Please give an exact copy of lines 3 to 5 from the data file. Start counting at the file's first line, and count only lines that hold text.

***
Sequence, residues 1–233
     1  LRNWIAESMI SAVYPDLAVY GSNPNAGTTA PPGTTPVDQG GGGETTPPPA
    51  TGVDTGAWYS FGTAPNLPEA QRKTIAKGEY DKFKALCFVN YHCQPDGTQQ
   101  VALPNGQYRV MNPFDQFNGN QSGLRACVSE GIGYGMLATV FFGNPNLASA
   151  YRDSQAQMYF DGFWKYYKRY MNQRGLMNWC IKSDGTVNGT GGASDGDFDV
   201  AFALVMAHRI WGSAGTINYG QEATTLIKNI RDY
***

    51  TGVDTGAWYS FGTAPNLPEA QRKTIAKGEY DKFKALCFVN YHCQPDGTQQ
   101  VALPNGQYRV MNPFDQFNGN QSGLRACVSE GIGYGMLATV FFGNPNLASA
   151  YRDSQAQMYF DGFWKYYKRY MNQRGLMNWC IKSDGTVNGT GGASDGDFDV